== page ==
About one-third of all U.S. MetLife financial services representatives are part of the multicultural marketing program, Khan says.

Experts interviewed recommended that insurers and agents who want to increase sales to affluent African-Americans start by using the same tactics they would use to reach rich Harvard alumni: by going to meetings of their organizations, advertising in the publications that they read and making an effort to understand their culture.

“The strategies are always the same,” Scott says. “Its the tactics that become different.”

One difference in the African-American market is a hunger for trustworthy financial information, experts interviewed say.

Cade points out that many African-Americans are still learning about investment basics and are still unfamiliar with the idea of using life insurance for anything other than paying death benefits.

“There has just been a lack of education about the need for life insurance,” Cade says.

Tillman grew up in Springfield, Ohio, thinking that “life insurance” meant industrial life insurance.

“Your mother or father told you, Hide! Here comes the insurance man,” Tillman recalls.

Another market difference is the typical African-Americans lack of inherited wealth.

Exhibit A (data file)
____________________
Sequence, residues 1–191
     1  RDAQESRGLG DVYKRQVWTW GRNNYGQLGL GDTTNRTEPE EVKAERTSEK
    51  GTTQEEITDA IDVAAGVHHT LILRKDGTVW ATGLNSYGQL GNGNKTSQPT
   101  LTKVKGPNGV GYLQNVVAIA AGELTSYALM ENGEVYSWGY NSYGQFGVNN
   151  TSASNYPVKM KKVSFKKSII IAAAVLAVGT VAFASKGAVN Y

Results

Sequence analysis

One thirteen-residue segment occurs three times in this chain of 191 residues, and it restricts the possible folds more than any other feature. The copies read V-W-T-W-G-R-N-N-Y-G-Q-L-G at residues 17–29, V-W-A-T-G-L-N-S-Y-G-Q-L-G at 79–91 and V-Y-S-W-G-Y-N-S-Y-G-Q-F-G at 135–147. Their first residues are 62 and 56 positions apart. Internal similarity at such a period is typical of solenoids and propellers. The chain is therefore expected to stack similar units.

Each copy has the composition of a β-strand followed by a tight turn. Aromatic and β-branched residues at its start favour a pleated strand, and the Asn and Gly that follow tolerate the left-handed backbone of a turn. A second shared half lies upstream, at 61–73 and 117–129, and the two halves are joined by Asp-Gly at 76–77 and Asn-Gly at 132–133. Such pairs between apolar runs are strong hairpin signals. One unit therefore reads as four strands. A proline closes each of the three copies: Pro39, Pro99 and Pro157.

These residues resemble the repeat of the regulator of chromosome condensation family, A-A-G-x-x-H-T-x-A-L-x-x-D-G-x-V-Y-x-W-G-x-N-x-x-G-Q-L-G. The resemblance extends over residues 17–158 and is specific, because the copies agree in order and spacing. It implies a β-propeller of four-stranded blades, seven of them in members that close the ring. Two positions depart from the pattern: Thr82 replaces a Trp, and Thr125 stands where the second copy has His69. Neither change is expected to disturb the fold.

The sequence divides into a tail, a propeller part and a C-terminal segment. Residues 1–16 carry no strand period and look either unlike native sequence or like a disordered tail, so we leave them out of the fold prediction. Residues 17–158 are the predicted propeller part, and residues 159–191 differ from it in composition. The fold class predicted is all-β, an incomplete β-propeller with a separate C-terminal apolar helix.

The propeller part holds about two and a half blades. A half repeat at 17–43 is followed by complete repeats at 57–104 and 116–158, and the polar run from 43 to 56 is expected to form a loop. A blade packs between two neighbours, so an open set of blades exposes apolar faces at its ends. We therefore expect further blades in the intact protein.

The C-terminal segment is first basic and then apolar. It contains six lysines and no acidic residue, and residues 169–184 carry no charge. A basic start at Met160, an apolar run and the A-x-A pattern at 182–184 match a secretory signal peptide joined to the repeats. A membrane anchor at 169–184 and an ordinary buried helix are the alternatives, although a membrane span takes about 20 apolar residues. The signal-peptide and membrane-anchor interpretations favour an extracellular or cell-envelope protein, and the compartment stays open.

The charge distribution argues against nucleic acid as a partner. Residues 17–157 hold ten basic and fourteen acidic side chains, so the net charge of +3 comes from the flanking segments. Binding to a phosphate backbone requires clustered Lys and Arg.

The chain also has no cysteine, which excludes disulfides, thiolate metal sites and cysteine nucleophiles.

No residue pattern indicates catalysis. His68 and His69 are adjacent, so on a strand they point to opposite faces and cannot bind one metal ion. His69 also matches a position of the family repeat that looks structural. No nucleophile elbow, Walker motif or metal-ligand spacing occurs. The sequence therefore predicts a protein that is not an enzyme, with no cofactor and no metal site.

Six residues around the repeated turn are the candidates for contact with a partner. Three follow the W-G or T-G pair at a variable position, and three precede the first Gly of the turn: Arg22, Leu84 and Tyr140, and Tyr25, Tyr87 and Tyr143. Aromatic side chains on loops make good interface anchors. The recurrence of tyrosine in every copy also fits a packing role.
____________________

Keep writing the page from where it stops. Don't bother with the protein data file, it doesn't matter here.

Scott remembers living in Maryland and earning more than a white couple next door. Scott had weaker finances, in spite of his higher income, because the families of the white neighbors had given them the cash for their down payment. Scott had to raise the cash for his down payment on his own.

Meanwhile, high-income African-Americans are so intent on giving their children the best possible start that they often starve their retirement accounts to beef up college savings funds, according to the 2000 Ariel/Schwab survey.

Although the affluent African-Americans interviewed earned an average of 10% less than the whites interviewed, they had saved an average of $12,289 for their childrens education, compared with an average of $12,239 for the white participants.

But African-Americans with retirement accounts had an average of only $44,000 in account assets, compared with an average of $69,000 for whites.

A growing number of African-American business groups and publications are trying to persuade African-Americans to think more about retirement savings and estate planning.

The most visible, Black Enterprise magazine, has published the Declaration of Financial Empowerment.

The DOFE manifesto asks readers to pledge to “measure my personal wealth by my net worth, not income” and to “ensure that my wealth is passed on to future generations.”


Reproduced from National Underwriter Life & Health/Financial Services Edition, June 10, 2002. Copyright 2002 by The National Underwriter Company in the serial publication. All rights reserved.Copyright in this article as an independent work may be held by the author.